amy azzaritointerior designInteriorssneak peeks

sneak peek: annie coggan

by Amy Azzarito

the first thing you’ll notice about annie coggan‘s home is the chairs. there are chairs in every nook and cranny. if you look a little closer, you’ll notice that these aren’t your run-of-the-mill seat furniture. in addition to design classics like a womb chair and an eames rocker, there are chairs with embroidered detailing and side chairs that have been painted and fused together. after many years of brooklyn living, annie moved her family – and her chairs – down to starksville, alabama mississippi where she and husband caleb teach at the college of architecture, art and design and are also partners in coggan crawford architects and designers. just last year, together with brother ted coggan, annie opened little building café, annie designed the space and it’s filled with even more of her chairs! {thanks annie, caleb and madeline!} – amy a

[Together with our daughter, Madeline, Caleb and I arrived in Starkville in 2007.  Madeline and I immediately fell in love with this house – a 1902 Queen Anne in town.  It is unruly – more space than we need but a very welcome change after life in a compact Brooklyn brownstone. The house has become a laboratory for my furniture design work and I always try to balance the room with color, since my attitude about color is there is no bad color.

This is our living room or as 19th century ladies used to say “the best room,” which I love.  It does have all our Best Stuff in it. The light is a modern take on the southern chandelier culture.  It is from the Turkish company Auto Ban. The wing chair is a piece I made. I embroidered a map of William Faulkner’s homestead Rowan Oak and the green fringe on the seat is meant to represent the colias in the front half of his garden. All the mats in the house are by Christopher Paul.]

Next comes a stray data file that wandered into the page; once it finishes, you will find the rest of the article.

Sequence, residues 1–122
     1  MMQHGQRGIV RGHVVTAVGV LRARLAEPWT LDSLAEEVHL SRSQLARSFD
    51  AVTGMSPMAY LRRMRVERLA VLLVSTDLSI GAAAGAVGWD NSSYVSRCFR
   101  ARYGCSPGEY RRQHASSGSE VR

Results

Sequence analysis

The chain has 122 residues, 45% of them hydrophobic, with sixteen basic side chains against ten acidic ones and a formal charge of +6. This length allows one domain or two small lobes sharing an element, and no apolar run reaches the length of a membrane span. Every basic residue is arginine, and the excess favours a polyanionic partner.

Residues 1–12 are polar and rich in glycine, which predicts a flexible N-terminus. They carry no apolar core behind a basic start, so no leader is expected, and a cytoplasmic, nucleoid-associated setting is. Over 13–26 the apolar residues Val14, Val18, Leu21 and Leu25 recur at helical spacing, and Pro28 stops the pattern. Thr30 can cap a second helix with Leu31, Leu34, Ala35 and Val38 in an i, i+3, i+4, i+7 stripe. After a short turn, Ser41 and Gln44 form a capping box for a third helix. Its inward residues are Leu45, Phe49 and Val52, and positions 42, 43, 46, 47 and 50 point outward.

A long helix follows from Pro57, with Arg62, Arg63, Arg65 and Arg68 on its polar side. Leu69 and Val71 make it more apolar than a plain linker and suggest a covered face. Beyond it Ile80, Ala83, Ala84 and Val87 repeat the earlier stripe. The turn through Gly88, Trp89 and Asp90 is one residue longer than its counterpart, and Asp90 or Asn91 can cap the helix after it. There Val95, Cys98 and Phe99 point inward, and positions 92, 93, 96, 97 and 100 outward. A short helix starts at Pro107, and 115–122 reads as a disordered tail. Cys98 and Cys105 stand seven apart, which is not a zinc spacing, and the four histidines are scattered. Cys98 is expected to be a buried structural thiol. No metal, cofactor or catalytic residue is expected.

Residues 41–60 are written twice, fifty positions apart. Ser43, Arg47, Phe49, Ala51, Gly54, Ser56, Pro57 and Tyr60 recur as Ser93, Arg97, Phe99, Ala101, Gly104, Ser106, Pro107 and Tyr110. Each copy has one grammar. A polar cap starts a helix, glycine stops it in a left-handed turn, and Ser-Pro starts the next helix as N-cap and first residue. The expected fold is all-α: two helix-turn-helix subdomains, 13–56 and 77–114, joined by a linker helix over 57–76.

The Saarinen Womb chair is the most favored chair in the house. It sits directly in front of the TV.  The blue side board is a piece I designed – it’s painted metal and meant to accommodate speakers, books, games, etc. The drawings above are mine.

The Eames rocker was a birthday present from my husband.  The yellow chair is part of the garden series of chairs that I am working on – This one is Eudora Welty’s garden. The large painting is a student painting of Caleb’s and the small ones are from Brooklyn painter Jason Novetsky.

We are firm believers in Ikea when in need of drawers, closets, or shelving – this bunch has been in two houses.

CLICK HERE for the rest of Annie’s peek on one page!


The Eames Hang-It-All is my favorite functional object. The love seat is a piece I designed and consists of three small side chairs spliced together – we call it the 1,2,3 chair.

We only redid one room in the house (a record for us) and made an old water closet into a master bath. By the time I had finished Little Building, I swore never to buy new again. Almost everything in the bathroom, except for fixtures, had a previous life.  The mirrors were so cheap and interesting that I bought a ton and painted them all white.

The wonderful secret about the Tord Boontje curtains is that they are on their second house, they were in our front room in Brooklyn for years – I rolled them up for the move and was thrilled that they look so good in this room. The bed is our big New Job purchase from DWR and the bedspread is the most blogged bedspread ever but I love orange…so I don’t care and it looks great with the curtains and the sunlight through the curtains. The chair is the brilliantly designed Ellan chair by Chris Martin for Ikea.

This is my studio! One of the most exciting things about the southeast is the amount of letterpress printing work that is done here.  Led by printer guru Amos Kennedy in Gordo, Ala., the poster art is certainly happening here. I try to grab all the good ones and build on my collection.  The chairs are in process, a commission for chairs like the Little Building chairs.

The porch is the reason we bought the house. After all if you’re going to move south from Brooklyn you better get a porch.  The loveseat on the right is from my series Love seats for Virginia Woolf.

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